By having the necessary resources at their disposal, youth can actively participate in their own health care and well-being. In doing so, the policy makers, program leaders as gatekeepers must understand the new normal, the dynamics of their choices, trends and values. Sticking to the old school of thoughts as abstinence, denial based on marital status, are already getting dysfunctional. Again such denial of reproductive health commodities can lead to an increase in unintended pregnancies, unsafe abortions, and maternal mortality, especially in regions with limited access to comprehensive reproductive healthcare, pushing them towards a higher risk of contracting sexually transmitted infections (STIs) and HIV, and limiting options of family planning leading to increased economic strain and socioeconomic burden.

Reproductive health commodities access for young people is essential in mitigating the risks associated with early and unprotected sexual activity. It can contribute to reducing the incidence of teenage pregnancies, unsafe abortions, and maternal health complications, thereby promoting overall health and safety. It also fosters gender equality by providing young women and men with equal opportunities to manage their reproductive health and make informed choices. This contributes to breaking down gender-based barriers and promoting a more equitable and inclusive society.

Nonetheless this sharing of commodities as life planning tools, allows young individuals to focus on their education and personal development without the added burden of unintended pregnancies or reproductive health complications. It promotes a sense of responsibility, encourages healthy decision-making, and contributes to the development of a sexually healthy and informed youth population, which is essential for the overall well-being of society.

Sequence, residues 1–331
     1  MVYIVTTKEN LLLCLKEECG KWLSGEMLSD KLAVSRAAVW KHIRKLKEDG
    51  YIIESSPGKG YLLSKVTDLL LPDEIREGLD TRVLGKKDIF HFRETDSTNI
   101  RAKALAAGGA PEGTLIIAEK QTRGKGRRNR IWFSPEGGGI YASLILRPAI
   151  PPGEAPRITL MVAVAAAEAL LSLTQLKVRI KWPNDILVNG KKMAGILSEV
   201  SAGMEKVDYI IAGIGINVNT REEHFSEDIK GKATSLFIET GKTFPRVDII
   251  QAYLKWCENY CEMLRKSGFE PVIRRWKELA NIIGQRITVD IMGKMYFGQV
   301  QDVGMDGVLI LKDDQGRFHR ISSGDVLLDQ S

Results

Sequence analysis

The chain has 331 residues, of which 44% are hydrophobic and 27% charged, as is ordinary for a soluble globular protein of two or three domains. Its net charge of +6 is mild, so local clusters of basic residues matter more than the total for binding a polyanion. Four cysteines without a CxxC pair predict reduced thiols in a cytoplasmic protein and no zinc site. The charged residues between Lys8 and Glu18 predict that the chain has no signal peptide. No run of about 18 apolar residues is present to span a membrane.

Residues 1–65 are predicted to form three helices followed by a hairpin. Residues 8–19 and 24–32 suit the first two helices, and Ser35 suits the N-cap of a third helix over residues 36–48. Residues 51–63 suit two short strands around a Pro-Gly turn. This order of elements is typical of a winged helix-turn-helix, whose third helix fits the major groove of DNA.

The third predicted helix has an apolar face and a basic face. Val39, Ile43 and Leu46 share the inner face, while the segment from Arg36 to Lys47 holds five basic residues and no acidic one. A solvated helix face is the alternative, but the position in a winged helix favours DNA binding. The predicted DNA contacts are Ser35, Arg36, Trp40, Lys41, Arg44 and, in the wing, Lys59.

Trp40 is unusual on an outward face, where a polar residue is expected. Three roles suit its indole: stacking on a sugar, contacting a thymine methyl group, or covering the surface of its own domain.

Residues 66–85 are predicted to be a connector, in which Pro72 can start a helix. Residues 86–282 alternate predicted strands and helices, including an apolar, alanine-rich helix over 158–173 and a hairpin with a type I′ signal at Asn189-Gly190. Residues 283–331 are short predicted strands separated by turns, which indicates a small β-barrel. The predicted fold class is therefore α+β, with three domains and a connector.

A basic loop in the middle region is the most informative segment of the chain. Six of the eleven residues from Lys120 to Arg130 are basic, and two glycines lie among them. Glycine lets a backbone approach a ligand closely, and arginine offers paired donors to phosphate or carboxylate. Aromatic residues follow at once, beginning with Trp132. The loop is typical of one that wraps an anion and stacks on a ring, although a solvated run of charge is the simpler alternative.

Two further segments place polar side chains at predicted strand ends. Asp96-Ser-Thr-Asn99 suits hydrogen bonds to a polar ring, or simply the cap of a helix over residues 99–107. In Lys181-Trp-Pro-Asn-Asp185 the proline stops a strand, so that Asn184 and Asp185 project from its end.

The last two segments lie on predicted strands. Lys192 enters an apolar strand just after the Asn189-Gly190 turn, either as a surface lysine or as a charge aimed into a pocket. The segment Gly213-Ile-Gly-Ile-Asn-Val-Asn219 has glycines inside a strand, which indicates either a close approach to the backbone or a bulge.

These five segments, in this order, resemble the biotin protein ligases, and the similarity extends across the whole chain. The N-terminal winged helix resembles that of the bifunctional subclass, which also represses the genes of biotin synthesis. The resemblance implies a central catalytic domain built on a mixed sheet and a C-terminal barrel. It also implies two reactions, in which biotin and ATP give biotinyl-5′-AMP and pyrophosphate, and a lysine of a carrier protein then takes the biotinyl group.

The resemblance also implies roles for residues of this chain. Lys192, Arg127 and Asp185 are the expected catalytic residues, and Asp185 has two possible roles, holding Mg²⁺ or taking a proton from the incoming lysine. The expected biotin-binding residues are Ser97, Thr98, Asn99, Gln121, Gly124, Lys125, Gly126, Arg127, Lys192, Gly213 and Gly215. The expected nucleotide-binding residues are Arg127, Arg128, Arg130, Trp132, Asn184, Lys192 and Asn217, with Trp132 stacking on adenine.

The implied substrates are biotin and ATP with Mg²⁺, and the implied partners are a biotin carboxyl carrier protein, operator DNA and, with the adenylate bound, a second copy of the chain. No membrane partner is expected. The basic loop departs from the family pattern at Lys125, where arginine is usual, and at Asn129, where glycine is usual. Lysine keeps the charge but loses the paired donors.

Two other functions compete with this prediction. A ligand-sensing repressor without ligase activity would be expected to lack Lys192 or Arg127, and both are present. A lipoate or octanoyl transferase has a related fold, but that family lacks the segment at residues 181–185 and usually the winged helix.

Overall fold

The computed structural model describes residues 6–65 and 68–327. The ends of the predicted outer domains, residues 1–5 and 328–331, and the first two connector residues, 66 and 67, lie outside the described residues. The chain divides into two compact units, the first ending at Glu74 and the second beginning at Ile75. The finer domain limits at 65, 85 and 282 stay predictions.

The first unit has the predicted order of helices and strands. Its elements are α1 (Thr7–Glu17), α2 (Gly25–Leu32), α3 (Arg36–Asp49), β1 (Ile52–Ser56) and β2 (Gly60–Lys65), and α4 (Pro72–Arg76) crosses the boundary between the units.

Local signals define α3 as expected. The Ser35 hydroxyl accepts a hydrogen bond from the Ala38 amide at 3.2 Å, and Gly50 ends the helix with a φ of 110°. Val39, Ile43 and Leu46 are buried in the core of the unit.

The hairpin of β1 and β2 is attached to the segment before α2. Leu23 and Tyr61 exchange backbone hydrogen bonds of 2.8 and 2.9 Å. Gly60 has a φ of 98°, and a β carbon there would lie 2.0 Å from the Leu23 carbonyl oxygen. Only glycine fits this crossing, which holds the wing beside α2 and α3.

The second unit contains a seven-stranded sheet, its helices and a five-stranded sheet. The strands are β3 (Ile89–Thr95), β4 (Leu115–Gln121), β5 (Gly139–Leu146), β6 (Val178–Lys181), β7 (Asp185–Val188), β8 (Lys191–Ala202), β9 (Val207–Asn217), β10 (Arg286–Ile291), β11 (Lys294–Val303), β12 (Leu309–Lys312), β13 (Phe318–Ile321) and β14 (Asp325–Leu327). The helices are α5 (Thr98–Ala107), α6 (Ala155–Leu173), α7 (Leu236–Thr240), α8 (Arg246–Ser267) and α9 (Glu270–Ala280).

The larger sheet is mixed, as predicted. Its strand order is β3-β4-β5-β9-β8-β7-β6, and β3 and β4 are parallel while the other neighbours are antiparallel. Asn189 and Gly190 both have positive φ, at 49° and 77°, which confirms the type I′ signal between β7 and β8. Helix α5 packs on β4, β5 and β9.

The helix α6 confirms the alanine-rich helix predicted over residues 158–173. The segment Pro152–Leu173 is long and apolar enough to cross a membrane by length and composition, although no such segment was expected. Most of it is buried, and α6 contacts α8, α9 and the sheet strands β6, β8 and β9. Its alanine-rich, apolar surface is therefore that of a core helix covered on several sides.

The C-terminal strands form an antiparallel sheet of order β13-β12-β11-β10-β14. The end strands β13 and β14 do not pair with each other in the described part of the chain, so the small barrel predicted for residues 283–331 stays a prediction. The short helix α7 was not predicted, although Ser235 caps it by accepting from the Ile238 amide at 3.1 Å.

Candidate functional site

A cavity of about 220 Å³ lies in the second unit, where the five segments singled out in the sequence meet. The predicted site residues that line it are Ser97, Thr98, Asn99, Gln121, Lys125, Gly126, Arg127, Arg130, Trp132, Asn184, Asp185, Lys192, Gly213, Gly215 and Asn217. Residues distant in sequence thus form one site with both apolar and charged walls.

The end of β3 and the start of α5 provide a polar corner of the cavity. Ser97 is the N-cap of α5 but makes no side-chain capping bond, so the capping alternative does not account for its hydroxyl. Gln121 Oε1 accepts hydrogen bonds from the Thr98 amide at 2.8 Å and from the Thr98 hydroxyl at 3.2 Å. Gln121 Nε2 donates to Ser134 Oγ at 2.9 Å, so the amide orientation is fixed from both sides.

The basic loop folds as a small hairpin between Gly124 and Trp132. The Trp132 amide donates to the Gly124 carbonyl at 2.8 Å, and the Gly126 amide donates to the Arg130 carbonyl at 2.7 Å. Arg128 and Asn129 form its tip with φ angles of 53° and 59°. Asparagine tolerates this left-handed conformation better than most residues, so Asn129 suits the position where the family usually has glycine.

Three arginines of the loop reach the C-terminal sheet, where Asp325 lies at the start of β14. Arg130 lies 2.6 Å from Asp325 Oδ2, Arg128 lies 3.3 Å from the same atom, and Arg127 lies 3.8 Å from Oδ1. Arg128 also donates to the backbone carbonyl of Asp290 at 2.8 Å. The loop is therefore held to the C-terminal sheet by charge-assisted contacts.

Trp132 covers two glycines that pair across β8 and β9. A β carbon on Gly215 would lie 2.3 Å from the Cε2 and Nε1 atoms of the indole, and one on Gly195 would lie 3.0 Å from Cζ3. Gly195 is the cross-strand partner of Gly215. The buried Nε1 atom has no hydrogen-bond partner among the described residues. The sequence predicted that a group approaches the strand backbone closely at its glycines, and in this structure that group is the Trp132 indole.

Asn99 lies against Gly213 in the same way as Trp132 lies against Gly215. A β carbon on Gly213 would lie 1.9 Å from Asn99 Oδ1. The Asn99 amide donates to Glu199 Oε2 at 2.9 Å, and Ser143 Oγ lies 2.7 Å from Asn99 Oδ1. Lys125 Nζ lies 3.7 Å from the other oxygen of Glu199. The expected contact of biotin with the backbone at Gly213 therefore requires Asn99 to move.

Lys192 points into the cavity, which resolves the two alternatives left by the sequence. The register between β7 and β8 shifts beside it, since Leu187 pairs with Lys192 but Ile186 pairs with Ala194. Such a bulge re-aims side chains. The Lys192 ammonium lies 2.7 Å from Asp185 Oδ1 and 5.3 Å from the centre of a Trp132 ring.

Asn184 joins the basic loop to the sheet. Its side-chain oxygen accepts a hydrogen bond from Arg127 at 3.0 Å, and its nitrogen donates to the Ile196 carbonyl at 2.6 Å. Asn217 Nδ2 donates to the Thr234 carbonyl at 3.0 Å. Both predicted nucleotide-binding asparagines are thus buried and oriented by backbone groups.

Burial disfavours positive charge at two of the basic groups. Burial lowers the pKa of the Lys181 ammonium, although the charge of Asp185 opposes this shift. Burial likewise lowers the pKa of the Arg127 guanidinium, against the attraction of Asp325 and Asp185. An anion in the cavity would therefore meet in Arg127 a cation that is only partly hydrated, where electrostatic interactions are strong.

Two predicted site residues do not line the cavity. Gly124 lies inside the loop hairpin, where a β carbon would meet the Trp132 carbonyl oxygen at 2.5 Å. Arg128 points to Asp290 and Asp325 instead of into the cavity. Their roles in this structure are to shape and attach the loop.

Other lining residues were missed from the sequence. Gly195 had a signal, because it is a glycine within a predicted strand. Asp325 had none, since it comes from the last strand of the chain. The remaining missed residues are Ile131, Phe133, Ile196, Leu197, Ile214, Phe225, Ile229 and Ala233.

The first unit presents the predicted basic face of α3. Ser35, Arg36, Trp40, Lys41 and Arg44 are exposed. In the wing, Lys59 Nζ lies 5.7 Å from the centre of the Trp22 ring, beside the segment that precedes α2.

In summary, giving access to reproductive health commodities with youth is crucial for promoting their health, well-being, and autonomy. It plays a pivotal role in fostering responsible sexual behavior, preventing health risks, and supporting the holistic development of young individuals, ultimately contributing to the creation of healthier and more empowered communities. So the taboo around this is to be addressed with serious interventions, that requires a multi-faceted approach that involves education, awareness campaigns, and the promotion of open and non-judgmental dialogue. Empowering young people with accurate information, promoting comprehensive sexual education, and encouraging community engagement are essential steps toward breaking down the stigma and normalizing discussions around reproductive health. Creating supportive environments that prioritize inclusivity, respect, and access to reproductive health supplies is crucial in fostering a culture that promotes the well-being and agency of every youth.

S M Shaikat is a youth development expert, international consultant, speaker, advocate, and human rights activist. He is the Executive Director at SERAC-Bangladesh, a youth-focused organization advocating and implementing programs on access to health rights, democratic participation of youth, friendly services, and gender-based violence prevention in Bangladesh. He was elected to the UN-Habitat Youth Advisory Board in 2015 and has been a speaker at several events during the 69th, 70th, and 72th UN General Assemblies in 2014, 2015 and 2017, and at 62nd Commission on the Status of Women in 2018, opening plenary speaker of the 9th World Urban Forum in Malaysia. Shaikat is the founder of the Bangladesh Urban Youth Councils Network, which initiated youth councils in city corporations across Bangladesh to increase access to civic participation of young people. He was nominated by the U.S. Department of State to the International Visitors Leadership Program in 2013 and Asia Young Leader for Democracy in 2015.